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Adverse Possession

Reviewed 10/24/2023
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Image of a sunny pasture with two treesIntroduction

Adverse possession is a method of acquiring exclusive ownership of land even though someone else holds the title to that land. You may see it referred to as the "doctrine of adverse possession" or, less elegantly, as "squatter's rights" or "title by theft." Although many other states have put adverse possession into their statutes, New Hampshire has not, and it is in case law – which is as authoritative and binding as statutory law - that you will find most of the elements that must be proven in court. The elements of adverse possession are: the use must be adverse (without permission and hostile to the owner's interests); it must be notorious ("so conspicuous as to impute notice to the true owner" -- Black's Law Dictionary); it must be continuous and uninterrupted; it must be exclusive (not in common with neighbors, or others), and it must be for a period of at least 20 years as defined in the statute of limitations for the recovery of real property (see RSA 508:2, I).  Adverse possession applies only to private property, not to public lands, waters, highways or transmission lines.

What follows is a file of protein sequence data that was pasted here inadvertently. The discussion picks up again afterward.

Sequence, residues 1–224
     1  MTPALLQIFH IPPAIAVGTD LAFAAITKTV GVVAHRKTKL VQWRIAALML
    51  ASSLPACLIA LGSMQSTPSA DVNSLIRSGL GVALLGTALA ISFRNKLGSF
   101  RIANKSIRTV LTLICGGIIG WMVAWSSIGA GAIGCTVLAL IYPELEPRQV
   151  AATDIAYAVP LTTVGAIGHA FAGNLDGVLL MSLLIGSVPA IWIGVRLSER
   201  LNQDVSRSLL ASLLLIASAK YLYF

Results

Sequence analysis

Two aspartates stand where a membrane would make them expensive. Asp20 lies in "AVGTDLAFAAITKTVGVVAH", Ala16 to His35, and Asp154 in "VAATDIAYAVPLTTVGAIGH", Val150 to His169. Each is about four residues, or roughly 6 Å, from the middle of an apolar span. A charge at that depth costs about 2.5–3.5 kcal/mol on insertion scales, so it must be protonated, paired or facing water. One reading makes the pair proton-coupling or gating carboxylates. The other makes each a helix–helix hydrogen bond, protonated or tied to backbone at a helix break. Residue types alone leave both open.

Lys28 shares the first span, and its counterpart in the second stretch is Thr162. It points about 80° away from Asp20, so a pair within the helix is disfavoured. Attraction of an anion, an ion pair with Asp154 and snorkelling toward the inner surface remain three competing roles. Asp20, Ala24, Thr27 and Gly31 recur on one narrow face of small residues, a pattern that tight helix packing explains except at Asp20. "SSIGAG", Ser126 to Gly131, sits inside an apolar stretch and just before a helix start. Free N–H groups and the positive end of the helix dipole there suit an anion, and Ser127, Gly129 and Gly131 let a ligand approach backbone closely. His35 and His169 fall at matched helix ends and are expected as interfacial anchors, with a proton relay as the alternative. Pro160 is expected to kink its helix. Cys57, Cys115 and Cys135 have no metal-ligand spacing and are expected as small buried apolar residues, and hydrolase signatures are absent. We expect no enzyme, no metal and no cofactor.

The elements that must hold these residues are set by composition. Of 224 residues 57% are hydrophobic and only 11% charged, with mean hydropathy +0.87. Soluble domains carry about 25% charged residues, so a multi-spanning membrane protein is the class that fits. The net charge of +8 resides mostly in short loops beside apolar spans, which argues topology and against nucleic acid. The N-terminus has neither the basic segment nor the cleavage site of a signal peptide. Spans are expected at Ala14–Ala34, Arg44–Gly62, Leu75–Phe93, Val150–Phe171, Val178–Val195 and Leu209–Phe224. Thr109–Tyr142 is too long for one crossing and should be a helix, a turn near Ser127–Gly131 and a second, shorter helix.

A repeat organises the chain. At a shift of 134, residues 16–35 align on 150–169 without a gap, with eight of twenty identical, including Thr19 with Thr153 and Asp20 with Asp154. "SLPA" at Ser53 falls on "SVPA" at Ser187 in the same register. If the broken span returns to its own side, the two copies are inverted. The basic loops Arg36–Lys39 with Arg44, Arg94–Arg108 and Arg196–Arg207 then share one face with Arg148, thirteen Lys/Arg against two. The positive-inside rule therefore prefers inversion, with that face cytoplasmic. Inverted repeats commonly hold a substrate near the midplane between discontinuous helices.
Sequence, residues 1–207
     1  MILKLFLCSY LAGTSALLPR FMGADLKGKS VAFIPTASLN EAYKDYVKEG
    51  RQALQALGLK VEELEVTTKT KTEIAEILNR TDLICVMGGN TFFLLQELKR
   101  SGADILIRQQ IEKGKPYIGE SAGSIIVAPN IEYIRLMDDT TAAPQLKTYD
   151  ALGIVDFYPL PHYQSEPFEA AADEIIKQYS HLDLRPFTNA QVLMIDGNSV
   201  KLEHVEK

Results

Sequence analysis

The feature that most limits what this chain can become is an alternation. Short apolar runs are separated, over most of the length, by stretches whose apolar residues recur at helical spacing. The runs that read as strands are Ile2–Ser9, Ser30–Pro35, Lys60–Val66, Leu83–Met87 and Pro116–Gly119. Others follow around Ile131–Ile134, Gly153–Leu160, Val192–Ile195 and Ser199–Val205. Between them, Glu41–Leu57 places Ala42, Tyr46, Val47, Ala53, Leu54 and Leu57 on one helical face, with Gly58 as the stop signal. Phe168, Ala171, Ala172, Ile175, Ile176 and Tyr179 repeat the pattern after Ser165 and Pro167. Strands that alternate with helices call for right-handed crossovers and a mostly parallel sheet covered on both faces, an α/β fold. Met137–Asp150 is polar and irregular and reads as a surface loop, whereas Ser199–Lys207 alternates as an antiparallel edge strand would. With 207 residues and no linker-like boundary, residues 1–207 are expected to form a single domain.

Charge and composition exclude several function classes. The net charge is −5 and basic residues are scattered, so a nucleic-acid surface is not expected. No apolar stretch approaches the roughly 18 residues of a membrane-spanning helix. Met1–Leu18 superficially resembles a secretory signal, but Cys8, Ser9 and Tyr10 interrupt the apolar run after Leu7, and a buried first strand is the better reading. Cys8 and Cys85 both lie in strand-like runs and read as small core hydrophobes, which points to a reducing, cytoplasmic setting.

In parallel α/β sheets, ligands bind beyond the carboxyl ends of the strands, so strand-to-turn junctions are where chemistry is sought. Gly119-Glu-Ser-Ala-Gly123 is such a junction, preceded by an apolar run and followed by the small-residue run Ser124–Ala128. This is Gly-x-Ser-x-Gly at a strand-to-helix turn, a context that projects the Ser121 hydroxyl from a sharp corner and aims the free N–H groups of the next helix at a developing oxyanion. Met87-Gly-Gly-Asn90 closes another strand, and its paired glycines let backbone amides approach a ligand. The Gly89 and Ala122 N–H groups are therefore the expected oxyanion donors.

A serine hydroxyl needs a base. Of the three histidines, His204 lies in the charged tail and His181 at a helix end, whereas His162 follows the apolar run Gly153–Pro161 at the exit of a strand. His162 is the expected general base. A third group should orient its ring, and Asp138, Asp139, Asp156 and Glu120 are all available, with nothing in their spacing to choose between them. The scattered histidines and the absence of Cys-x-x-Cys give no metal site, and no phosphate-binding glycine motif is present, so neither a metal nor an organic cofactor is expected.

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It is intended as a starting point for research, to illustrate the various sources of the law, and to provide guidance in their use. 
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